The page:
Although the eye is the window to the body, there are times when it is not possible to adequately view the interior structures of the eye. This may occur from a dense cataract, cloudiness of the cornea, or the inability to adequately dilate the pupils. In these situations, ultrasound can be used to "see" inside the eye. Most often, this is done to see if there is detachment of the retina or bleeding into the vitreous cavity. Diagnostic ultrasound is also used to evaluate growths and tumors inside the eye that cannot otherwise be manipulated or biopsied. Such lesions can be measured and monitored over time with diagnostic B-scan ultrasonography.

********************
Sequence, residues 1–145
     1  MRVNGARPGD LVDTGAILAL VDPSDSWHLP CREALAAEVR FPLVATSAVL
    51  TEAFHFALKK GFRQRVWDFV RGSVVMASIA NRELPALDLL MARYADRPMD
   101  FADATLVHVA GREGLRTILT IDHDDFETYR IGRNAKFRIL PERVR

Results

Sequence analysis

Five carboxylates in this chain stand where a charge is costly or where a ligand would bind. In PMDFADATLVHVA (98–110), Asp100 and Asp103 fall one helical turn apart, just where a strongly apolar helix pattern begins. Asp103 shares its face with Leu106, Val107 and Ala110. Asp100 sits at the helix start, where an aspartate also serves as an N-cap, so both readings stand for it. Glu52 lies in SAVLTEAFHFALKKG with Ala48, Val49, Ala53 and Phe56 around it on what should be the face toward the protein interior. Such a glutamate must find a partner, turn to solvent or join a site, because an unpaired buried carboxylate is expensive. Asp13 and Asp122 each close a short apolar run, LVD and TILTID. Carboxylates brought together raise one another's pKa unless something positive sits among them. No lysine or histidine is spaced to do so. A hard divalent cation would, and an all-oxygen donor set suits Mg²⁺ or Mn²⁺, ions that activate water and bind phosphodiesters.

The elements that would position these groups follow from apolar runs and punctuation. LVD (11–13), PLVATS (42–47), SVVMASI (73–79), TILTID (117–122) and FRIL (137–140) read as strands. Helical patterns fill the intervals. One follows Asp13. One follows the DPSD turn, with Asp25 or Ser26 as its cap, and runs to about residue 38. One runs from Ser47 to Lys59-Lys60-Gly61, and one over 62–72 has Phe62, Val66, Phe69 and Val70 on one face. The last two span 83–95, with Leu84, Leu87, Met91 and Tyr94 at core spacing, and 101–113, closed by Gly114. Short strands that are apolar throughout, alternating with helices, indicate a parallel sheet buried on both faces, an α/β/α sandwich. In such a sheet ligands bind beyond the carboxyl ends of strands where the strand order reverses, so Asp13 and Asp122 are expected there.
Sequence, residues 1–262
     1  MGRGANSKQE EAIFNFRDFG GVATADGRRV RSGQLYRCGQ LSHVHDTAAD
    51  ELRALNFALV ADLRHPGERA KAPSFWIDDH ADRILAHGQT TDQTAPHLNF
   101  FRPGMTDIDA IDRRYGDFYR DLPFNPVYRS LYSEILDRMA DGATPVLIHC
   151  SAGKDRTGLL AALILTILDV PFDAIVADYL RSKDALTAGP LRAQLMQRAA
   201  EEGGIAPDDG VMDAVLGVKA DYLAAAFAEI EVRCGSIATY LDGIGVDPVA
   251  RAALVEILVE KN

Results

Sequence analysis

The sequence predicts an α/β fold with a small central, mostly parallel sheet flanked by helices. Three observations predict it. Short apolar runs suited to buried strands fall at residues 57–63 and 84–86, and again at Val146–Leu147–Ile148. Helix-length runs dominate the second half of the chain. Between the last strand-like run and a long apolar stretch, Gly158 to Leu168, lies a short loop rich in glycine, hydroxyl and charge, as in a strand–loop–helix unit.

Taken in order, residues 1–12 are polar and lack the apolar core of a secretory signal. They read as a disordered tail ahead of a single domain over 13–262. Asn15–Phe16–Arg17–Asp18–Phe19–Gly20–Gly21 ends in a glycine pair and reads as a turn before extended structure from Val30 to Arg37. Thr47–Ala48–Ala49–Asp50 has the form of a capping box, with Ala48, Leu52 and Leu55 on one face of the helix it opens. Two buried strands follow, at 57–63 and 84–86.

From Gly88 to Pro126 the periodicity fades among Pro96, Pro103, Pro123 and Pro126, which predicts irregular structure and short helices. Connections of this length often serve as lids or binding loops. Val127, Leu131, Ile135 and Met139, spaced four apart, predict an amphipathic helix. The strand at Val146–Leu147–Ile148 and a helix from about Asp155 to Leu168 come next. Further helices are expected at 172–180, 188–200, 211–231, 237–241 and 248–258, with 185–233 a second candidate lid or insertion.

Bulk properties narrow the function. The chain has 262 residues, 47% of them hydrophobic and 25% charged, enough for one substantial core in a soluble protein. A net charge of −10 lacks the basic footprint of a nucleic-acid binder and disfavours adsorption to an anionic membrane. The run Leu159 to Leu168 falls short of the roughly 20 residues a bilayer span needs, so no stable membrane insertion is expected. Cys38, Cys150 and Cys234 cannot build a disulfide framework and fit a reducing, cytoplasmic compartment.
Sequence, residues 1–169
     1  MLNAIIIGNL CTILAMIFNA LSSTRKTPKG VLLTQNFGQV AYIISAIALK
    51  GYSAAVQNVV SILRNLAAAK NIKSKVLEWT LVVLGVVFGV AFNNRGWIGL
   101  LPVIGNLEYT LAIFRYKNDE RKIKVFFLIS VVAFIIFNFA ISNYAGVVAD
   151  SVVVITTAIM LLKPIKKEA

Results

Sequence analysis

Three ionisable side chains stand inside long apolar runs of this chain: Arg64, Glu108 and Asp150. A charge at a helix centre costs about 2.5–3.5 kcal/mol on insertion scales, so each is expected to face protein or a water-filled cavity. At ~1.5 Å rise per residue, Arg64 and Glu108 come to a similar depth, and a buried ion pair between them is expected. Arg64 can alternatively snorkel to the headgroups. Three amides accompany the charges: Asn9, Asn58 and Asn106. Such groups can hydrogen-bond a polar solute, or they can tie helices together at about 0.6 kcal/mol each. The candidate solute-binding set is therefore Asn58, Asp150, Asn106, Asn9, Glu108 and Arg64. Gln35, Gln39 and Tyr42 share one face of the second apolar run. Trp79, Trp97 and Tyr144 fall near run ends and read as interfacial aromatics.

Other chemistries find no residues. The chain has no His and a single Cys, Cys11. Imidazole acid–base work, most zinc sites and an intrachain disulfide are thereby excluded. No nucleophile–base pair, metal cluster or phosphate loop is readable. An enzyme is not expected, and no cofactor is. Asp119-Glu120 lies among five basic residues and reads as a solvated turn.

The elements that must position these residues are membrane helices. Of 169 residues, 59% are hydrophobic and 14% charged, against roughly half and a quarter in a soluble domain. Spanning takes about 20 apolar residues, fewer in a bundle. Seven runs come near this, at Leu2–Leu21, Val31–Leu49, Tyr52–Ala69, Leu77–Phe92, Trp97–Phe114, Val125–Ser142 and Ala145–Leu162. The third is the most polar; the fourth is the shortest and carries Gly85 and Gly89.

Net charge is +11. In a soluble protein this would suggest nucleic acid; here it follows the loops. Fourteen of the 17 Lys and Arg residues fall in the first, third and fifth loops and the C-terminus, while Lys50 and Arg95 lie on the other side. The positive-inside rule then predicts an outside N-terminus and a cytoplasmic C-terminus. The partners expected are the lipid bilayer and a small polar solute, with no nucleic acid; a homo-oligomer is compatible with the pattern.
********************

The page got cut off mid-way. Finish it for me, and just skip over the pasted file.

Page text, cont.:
A different version of ultrasonography called the A-scan mode is used to determine the axial length of the eye. This procedure is performed prior to every cataract surgery. With this highly accurate test, the cataract surgeon can determine the correct power of intraocular lens to implant into the eye after removing the cataract. Accurate determination of the intraocular lens power can minimize or limit the need for glasses after cataract surgery.
The ophthalmic ultrasound service at Loyola uses state-of-the-art ultrasound equipment to provide both diagnostic B-scan and A-scan evaluations for an array of ocular pathology.